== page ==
The darkest secrets from the life and career of screen acting legend Robert De Niro are laid out for the world to see a new book, in stores now, by noted show business biographer Shawn Levy — and the notoriously secretive De Niro can't be happy to see some of the most shocking moments of his once-secret past spelled out in black and white.
Robert De Niro is probably best known to a current generation of moviegoers as the gruff but lovable father-in-law Jack Byrnes in the Meet the Fockers series of hits comedies. But De Niro was anything but a funnyman when exploded into the Hollywood scene with an intense performance as a small time thug in the 1973 Martin Scorsese gangster classic Mean Streets.
The then-30-year-old De Niro had already appeared in several, mostly routine film roles. But his riveting and frightening Mean Streets performance made him a movie star. He became known for his obsessive devotion to portraying his characters, no matter how dark, disturbing, and complex they became.
Among his most notable roles in his 1970s prime: the lonely, mentally unbalanced New York cabbie Travis Bickle in Scorsese's 1976 landmark Taxi Driver; the young Vito Corleone in Francis Ford Coppola's Oscar-winning The Godfather Part II; the self-loathing, paranoid prizefighter Jake LaMotta in the 1980 biopic Raging Bull.
But even as he rose to become one of the world's most famous stars and most-respected actors, he kept his private life closely shielded from the public eye — and with very good reason, according to Levy.
During that period, Levy writes in Robert De Niro: A Life, De Niro became a heavy cocaine user, and his devotion to the dangerous drug led to his friendship with comedian John Belushi, himself riding the success of the groundbreaking 1978 comedy smash National Lampoon's Animal House.
De Niro and Belushi went on numerous drug-fueled benders through the nightclubs and upscale hotels of New York and Los Angeles. On the fateful night of March 5, 1982, De Niro stopped by Belushi's room at L.A.'s famed Chateau Marmont Hotel to take a few snorts of cocaine with the comic. Sometime after De Niro left, Belushi died of an overdose, mixing cocaine with heroin.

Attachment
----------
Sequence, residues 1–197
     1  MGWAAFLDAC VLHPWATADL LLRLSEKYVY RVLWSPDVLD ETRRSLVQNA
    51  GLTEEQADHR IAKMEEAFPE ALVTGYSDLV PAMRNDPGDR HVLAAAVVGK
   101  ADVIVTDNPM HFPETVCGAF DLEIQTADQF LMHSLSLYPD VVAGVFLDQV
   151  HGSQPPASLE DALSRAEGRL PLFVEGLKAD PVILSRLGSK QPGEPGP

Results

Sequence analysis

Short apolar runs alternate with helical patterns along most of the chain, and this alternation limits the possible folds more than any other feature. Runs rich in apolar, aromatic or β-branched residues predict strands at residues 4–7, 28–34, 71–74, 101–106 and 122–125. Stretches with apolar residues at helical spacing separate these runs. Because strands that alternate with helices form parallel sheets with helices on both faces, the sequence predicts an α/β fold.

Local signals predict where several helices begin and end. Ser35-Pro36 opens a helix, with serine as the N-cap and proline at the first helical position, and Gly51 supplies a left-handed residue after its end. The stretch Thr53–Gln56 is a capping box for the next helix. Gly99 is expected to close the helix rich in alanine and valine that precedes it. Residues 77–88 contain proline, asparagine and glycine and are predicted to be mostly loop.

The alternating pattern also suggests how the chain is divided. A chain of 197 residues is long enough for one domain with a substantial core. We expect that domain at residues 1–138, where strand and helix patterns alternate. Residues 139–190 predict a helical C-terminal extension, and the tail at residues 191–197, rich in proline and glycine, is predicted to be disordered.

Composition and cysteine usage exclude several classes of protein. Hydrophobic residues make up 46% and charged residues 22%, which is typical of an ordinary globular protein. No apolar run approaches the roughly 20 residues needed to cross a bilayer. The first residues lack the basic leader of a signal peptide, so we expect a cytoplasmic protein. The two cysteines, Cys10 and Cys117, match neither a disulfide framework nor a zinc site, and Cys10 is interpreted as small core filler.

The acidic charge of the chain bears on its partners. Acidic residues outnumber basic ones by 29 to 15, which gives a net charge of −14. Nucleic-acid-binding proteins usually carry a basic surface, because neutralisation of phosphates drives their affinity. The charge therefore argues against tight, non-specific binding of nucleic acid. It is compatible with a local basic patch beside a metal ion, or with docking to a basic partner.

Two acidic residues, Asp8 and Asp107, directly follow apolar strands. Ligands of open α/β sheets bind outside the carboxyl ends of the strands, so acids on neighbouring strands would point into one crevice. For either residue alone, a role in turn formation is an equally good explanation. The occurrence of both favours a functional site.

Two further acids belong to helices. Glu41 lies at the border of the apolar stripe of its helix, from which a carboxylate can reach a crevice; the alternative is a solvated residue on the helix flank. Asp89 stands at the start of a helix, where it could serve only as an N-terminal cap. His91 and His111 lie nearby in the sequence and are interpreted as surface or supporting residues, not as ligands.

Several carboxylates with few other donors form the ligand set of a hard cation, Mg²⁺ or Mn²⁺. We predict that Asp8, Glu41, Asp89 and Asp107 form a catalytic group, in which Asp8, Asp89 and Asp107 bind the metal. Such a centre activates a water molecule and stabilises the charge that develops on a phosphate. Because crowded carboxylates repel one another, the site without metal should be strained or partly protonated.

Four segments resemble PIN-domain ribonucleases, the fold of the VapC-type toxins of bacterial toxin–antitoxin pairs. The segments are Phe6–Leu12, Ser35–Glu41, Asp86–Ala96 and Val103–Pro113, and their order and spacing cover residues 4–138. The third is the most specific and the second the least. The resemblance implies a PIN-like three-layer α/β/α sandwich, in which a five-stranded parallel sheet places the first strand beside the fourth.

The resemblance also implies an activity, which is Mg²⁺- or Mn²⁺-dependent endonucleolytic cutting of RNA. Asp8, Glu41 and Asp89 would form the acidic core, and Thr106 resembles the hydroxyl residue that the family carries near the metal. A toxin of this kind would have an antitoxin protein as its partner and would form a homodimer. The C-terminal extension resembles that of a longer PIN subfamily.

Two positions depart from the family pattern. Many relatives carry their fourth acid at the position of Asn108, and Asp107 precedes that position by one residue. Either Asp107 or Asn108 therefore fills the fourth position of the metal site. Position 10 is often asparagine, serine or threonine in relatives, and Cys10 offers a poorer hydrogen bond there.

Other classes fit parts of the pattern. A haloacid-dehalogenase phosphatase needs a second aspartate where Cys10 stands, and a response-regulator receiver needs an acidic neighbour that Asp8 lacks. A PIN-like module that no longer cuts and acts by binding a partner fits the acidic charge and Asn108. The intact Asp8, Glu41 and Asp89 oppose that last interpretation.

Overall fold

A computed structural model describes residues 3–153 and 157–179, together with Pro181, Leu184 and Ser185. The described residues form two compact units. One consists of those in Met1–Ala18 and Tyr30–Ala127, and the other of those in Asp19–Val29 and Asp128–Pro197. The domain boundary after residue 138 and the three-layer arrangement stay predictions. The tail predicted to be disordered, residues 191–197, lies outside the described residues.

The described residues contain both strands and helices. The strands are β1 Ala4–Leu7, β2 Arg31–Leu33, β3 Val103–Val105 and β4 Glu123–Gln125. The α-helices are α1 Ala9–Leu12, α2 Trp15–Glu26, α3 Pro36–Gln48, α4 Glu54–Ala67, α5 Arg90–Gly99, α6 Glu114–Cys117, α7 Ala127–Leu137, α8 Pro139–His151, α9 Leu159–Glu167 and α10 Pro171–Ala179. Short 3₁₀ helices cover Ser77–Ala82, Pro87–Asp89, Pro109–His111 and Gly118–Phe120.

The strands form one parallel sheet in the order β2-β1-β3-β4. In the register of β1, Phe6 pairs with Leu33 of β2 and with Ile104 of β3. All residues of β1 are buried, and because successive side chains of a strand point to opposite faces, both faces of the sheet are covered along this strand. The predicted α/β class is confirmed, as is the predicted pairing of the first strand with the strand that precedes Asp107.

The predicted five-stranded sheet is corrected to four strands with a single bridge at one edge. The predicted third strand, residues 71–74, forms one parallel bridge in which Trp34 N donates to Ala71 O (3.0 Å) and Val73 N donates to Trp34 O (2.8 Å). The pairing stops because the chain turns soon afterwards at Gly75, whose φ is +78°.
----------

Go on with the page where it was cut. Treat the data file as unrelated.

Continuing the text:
De Niro may have felt responsible for Belushi's death, Levy speculates, because the two had discussed the idea of trying heroin as part of Belushi's "method" acting research for an upcoming role. De Niro himself was known for adopting the persona of his characters, for example, taking an actual job as cab driver to prepare for his role in Taxi Driver.
The Levy book also explores the many romantic relationships of Robert De Niro, and names the actor's numerous flings — including with Whitney Houston, who eventually also died of a drug overdose, as well as actress Uma Thurman and model Naomi Campbell.
De Niro had a preference for African-American girlfriends, but would often treat them poorly, Levy says in the book — even attempting to force one to get an abortion she didn't want, in a series of what Levy describes as "ugly and intimidating conversations."
De Niro also attempted to date his Taxi Driver co-star Cybil Shepherd during the making of that classic film. When she turned him down, he became abusive to her behind the scenes of the production, according to the Levy book.
So far Robert De Niro, now 71, has not made his feelings known about the Shawn Levy book, which gives away many of his darkest secrets.